Pubdate: Thu, 08 Nov 2012
Source: USA Today (US)
Copyright: 2012 USA TODAY, a division of Gannett Co. Inc
Author: Laura Bly


Colorado and Washington becoming the first states to legalize the
recreational use of marijuana prompted speculation Wednesday about
Amsterdam-style "drug tourism" and a new round of jokes about
Colorado's official state song, Rocky Mountain High.

The Colorado measure limits cultivation to six marijuana plants per
person, but "grow-your-own" pot would still be banned in Washington.
Both states prohibit public use, and Washington includes a strict
"drugged driving" provision for marijuana impairment.

Tuesday's votes are "groundbreaking," said Beau Kilmer, co-director of
the Rand Drug Policy Research Center. But since no modern jurisdiction
has lifted prohibitions on production, possession and distribution of
cannabis for recreational use, he says, "There are two big issues: Do
the states want a marijuana tourism industry, and if so would the
federal government allow it?"

Richard Scharf, CEO of tourism organization Visit Denver, worries that
an influx of pot-seeking tourists could tarnish the city's and state's
images. In 2005, Denver became the first major city in the USA to
legalize adult marijuana possession of less than 1 ounce.

"Tourism is the second-largest industry in both Denver and Colorado.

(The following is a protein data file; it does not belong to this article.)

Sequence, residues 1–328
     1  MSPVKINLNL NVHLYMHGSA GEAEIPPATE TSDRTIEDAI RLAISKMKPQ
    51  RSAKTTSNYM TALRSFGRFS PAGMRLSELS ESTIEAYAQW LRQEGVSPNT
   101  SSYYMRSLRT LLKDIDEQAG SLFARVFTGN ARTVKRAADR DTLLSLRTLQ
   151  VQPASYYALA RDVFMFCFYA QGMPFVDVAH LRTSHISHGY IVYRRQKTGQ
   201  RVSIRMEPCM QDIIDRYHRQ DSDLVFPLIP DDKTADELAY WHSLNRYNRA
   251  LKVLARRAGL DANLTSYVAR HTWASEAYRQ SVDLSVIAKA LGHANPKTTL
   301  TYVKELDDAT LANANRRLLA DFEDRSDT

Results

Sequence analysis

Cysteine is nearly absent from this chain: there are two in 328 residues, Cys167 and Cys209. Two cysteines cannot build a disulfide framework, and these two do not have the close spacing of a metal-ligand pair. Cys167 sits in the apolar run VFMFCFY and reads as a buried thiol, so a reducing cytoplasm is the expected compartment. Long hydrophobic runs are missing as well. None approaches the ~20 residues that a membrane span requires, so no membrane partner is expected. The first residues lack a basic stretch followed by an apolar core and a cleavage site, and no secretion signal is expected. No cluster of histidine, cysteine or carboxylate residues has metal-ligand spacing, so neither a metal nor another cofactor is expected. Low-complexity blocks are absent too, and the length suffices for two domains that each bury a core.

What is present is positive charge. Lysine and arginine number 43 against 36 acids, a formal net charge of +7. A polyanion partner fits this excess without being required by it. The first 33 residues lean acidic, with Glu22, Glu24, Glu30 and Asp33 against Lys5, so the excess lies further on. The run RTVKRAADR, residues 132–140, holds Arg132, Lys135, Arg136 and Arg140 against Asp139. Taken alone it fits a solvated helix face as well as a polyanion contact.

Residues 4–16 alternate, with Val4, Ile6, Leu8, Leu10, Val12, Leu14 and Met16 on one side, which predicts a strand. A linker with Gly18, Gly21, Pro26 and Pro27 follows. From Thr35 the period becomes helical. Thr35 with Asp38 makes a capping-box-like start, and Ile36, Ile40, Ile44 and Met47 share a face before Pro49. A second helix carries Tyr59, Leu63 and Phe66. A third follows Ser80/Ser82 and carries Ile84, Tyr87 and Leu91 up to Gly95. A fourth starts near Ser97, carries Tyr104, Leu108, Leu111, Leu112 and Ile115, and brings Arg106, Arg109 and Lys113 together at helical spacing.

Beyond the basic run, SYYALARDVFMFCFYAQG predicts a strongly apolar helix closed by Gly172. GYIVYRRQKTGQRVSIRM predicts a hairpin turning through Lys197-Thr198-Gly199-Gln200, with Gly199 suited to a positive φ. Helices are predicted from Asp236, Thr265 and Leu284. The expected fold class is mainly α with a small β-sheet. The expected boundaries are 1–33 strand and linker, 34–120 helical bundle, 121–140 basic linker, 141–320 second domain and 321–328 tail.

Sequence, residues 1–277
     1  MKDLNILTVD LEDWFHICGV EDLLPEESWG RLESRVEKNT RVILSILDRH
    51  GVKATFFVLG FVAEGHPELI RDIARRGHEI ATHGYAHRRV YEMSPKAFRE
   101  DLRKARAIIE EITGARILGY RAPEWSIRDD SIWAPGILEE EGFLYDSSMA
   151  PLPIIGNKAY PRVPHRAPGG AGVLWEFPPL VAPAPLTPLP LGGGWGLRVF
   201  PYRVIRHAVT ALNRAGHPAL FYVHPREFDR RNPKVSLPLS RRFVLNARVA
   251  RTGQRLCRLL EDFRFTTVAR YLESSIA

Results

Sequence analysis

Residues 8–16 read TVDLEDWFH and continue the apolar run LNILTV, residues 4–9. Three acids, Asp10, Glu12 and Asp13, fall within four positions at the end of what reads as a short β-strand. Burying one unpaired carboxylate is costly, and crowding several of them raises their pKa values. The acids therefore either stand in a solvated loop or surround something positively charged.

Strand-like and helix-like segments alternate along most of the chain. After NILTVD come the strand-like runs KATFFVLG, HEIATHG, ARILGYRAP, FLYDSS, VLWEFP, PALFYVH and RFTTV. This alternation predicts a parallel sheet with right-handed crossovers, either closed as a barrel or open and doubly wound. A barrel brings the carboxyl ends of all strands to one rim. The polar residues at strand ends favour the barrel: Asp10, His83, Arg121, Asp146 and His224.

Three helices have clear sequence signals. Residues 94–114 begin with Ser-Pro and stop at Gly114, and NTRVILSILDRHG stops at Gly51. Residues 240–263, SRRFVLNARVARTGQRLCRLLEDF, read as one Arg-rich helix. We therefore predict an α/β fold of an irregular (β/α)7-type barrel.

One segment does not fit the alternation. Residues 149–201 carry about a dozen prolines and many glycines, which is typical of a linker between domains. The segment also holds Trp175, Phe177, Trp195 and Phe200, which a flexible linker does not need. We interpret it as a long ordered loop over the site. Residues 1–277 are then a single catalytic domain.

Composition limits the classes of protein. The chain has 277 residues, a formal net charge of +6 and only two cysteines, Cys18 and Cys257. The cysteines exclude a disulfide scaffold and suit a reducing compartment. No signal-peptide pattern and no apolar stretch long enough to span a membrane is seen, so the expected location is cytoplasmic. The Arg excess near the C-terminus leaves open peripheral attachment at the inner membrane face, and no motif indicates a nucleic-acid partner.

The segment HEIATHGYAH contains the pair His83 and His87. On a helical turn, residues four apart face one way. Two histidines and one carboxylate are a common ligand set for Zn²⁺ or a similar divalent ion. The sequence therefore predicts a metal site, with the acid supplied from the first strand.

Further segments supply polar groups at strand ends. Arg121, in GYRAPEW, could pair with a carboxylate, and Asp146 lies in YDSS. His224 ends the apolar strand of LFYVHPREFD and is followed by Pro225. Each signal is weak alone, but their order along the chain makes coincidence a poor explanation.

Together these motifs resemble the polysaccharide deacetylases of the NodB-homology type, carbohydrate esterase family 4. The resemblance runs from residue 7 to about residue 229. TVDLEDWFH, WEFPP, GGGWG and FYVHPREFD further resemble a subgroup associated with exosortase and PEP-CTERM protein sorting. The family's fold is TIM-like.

If Colorado receives international media attention as the first state
in the U.S. to legalize marijuana in their constitution, Colorado's
brand will be damaged and we may attract fewer conventions and see a
decline in leisure travel," Scharf said before the election.

Jennifer Rudolph of Colorado Ski Country, a marketing organization
that represents 21 ski resorts, said, "We're holding our breath, so to
speak. People choose to come to Colorado for a variety of reasons, and
if this is one of them, so be it," she said.

European travel guru Rick Steves, a resident of Edmonds, Wash., and
vocal supporter of that state's successful initiative, said he's
"honestly not looking at the tourism aspect. For the immediate future,
I don't even see (marijuana) use going up."

In the Netherlands, where the incoming government has abandoned plans
for a national, residents-only "weed pass" that would have effectively
kept foreign tourists out of Amsterdam's famous marijuana cafes, "per
capita cannabis use is about on par with the U.S., and use among young
people is actually lower," Steves said. "It's a big deal for some
American tourists, but Dutch people couldn't care less."

"You can't go out in public (in Washington state) with a cocktail or
beer," he added, "and this won't be any different."

Meanwhile, Luis Videgaray, the main adviser to Mexico President-elect
Enrique Pena Nieto, said the votes legalizing recreational marijuana
in Washington and Colorado will complicate Mexico's commitment to
quashing pot growing and smuggling.
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